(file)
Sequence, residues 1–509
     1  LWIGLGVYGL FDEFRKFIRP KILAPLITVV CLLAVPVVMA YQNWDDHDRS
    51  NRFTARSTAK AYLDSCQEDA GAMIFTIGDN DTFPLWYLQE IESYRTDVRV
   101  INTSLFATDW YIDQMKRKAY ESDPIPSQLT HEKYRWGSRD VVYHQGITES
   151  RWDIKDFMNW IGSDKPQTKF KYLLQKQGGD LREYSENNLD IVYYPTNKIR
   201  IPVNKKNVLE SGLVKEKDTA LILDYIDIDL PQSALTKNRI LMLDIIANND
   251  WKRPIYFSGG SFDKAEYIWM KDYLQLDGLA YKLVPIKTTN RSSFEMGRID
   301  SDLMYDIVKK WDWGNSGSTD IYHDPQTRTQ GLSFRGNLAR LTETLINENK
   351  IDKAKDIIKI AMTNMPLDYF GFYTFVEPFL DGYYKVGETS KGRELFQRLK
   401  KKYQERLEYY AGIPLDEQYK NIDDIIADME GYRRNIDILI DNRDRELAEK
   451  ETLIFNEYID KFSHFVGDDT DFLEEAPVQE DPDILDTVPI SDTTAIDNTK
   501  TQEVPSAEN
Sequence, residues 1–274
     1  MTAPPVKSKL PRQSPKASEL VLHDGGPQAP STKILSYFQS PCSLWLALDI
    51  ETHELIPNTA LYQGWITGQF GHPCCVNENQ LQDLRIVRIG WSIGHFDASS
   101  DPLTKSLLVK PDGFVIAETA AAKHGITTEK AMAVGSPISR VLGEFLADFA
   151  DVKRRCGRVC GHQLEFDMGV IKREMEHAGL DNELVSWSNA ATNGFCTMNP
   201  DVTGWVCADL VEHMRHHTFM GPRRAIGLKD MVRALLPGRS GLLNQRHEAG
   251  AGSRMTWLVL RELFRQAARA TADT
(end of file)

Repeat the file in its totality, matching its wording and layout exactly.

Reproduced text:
Sequence, residues 1–509
     1  LWIGLGVYGL FDEFRKFIRP KILAPLITVV CLLAVPVVMA YQNWDDHDRS
    51  NRFTARSTAK AYLDSCQEDA GAMIFTIGDN DTFPLWYLQE IESYRTDVRV
   101  INTSLFATDW YIDQMKRKAY ESDPIPSQLT HEKYRWGSRD VVYHQGITES
   151  RWDIKDFMNW IGSDKPQTKF KYLLQKQGGD LREYSENNLD IVYYPTNKIR
   201  IPVNKKNVLE SGLVKEKDTA LILDYIDIDL PQSALTKNRI LMLDIIANND
   251  WKRPIYFSGG SFDKAEYIWM KDYLQLDGLA YKLVPIKTTN RSSFEMGRID
   301  SDLMYDIVKK WDWGNSGSTD IYHDPQTRTQ GLSFRGNLAR LTETLINENK
   351  IDKAKDIIKI AMTNMPLDYF GFYTFVEPFL DGYYKVGETS KGRELFQRLK
   401  KKYQERLEYY AGIPLDEQYK NIDDIIADME GYRRNIDILI DNRDRELAEK
   451  ETLIFNEYID KFSHFVGDDT DFLEEAPVQE DPDILDTVPI SDTTAIDNTK
   501  TQEVPSAEN
Sequence, residues 1–274
     1  MTAPPVKSKL PRQSPKASEL VLHDGGPQAP STKILSYFQS PCSLWLALDI
    51  ETHELIPNTA LYQGWITGQF GHPCCVNENQ LQDLRIVRIG WSIGHFDASS
   101  DPLTKSLLVK PDGFVIAETA AAKHGITTEK AMAVGSPISR VLGEFLADFA
   151  DVKRRCGRVC GHQLEFDMGV IKREMEHAGL DNELVSWSNA ATNGFCTMNP
   201  DVTGWVCADL VEHMRHHTFM GPRRAIGLKD MVRALLPGRS GLLNQRHEAG
   251  AGSRMTWLVL RELFRQAARA TADT